- on Friday, 30 January 2015 17:18
Maine Public Broadcasting Network
By Tom Porter
PORTSMOUTH, N.H. - Regional fishing industry regulators have rejected a plan to list river herring and shad as part of the Atlantic Herring fishery.
The measure would have put the two species under a federal management plan that would have included greater conservation. But the New England Fishery Management Council concluded there was not enough evidence to support the move.
Environmental advocates want more protection for river herring and shad - anadromous fish that spend most of their lives at sea but return to freshwater to spawn in the spring.
- on Friday, 06 June 2014 11:45
A nice piece was published in Chesapeake Bay Foundation's Save the Bay Magazine which describes the history of shad fishing and the ups and downs of the species. The population has seen improvements in some rivers, but being caught as bycatch in offshore industrial fisheries is still having an impact.
- on Thursday, 13 March 2014 11:32
The current issue of Eating Well magazine features the Herring Alliance’s Greg Wells in an article about river herring and the Atlantic herring fishery. Wells explained how the industry’s vessels to often scoop up river herring, complicating the effort to restore their depleted populations. Check it out here or pick up a copy!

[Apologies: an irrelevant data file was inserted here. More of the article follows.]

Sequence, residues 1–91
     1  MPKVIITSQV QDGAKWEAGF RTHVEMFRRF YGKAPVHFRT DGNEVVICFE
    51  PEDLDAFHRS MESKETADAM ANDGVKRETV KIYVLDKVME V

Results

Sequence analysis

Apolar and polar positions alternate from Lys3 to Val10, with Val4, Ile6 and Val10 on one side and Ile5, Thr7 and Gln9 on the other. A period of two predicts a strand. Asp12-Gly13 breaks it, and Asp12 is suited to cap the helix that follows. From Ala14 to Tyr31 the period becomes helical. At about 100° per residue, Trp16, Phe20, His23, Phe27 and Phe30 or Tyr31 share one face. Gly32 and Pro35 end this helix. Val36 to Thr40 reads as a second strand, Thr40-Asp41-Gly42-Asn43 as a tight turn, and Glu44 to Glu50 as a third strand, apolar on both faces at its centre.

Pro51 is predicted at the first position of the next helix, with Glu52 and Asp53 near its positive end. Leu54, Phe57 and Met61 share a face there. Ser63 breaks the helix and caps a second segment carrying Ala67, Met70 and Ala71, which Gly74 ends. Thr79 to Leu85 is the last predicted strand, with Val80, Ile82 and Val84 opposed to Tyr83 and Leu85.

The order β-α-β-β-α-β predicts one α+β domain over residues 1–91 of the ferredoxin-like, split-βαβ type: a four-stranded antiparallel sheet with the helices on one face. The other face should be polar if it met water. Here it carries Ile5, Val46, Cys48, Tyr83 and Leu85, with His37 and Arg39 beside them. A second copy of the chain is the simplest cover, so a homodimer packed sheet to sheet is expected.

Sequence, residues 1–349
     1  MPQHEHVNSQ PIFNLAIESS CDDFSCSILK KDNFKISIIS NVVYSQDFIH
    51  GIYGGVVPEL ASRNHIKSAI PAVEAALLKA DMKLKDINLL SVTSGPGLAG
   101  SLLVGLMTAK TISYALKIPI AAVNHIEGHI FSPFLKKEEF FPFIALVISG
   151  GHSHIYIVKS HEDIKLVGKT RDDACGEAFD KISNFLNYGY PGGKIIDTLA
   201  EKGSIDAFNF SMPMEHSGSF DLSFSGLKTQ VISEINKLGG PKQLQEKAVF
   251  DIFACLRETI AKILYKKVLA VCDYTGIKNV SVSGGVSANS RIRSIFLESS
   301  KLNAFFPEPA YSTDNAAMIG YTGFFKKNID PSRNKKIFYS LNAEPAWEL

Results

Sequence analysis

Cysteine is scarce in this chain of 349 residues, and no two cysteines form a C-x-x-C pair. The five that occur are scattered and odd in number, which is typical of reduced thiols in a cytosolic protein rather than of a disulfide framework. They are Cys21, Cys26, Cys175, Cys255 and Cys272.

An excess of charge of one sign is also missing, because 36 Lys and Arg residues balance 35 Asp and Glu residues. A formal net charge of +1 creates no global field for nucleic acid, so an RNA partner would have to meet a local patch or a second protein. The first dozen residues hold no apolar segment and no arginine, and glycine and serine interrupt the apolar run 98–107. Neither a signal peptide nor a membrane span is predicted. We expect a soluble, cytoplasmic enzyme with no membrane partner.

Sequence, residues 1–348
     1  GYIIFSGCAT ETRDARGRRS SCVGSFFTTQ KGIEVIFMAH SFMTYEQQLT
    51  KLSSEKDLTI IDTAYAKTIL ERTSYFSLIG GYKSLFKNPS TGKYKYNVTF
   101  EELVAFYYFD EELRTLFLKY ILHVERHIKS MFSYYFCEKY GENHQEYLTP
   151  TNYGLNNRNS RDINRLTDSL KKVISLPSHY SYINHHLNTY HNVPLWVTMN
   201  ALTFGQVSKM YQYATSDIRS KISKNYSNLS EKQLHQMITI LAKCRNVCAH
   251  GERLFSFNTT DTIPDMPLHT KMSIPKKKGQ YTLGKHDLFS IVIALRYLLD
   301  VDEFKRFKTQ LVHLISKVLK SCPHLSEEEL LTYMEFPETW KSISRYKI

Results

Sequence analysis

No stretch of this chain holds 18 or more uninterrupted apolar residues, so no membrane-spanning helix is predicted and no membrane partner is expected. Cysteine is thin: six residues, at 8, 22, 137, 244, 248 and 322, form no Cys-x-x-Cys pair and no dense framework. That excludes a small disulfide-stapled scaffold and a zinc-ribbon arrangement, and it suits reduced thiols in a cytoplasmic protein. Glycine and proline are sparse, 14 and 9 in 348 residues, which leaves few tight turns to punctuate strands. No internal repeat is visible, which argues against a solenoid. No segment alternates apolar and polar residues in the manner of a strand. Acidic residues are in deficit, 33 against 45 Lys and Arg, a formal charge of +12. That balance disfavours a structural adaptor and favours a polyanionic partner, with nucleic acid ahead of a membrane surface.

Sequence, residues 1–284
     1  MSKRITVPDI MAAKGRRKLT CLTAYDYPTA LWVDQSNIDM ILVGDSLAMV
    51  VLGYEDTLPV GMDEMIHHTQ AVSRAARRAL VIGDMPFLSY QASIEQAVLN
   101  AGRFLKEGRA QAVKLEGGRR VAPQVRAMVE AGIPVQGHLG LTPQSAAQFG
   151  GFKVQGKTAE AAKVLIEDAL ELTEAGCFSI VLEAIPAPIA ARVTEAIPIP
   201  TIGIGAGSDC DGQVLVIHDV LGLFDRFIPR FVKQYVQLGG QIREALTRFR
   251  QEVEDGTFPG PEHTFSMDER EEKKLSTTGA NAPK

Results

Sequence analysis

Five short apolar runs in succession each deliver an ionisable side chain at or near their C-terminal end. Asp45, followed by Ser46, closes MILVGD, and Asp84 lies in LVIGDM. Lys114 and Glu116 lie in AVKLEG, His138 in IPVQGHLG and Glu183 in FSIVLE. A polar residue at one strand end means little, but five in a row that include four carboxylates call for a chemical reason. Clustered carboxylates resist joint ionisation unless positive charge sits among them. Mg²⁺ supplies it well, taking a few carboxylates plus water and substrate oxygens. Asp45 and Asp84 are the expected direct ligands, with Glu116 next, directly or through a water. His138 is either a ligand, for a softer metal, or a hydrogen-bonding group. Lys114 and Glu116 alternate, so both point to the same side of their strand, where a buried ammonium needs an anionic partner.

- on Thursday, 29 August 2013 15:10
By Capt. John McMurray
Originally published on Reel-Time.com
August 26, 2013
If you've been lucky enough to be there when river herring (bluebacks or alewives) clash with striped bass you know why we call them, "striper candy". It's a big bait that attracts big fish, and makes them act really stupid. Of course not only striped bass, but bluefin, yellowfin, cod, bluefish, weakfish and dozens of other predators go nuts over river herring... At least they used to.
- on Wednesday, 10 July 2013 13:35
Cape and Islands NPR
July 10, 2013
When it comes to commercial fishing, the little fish are just as important as the big ones. It's the baitfish—smaller species like river herring and Atlantic herring—that support the entire commercial fishing industry. But baitfish stocks are dwindling. If these stocks don't rebound, not only will fishermen be out of bait, they also may be out of fish.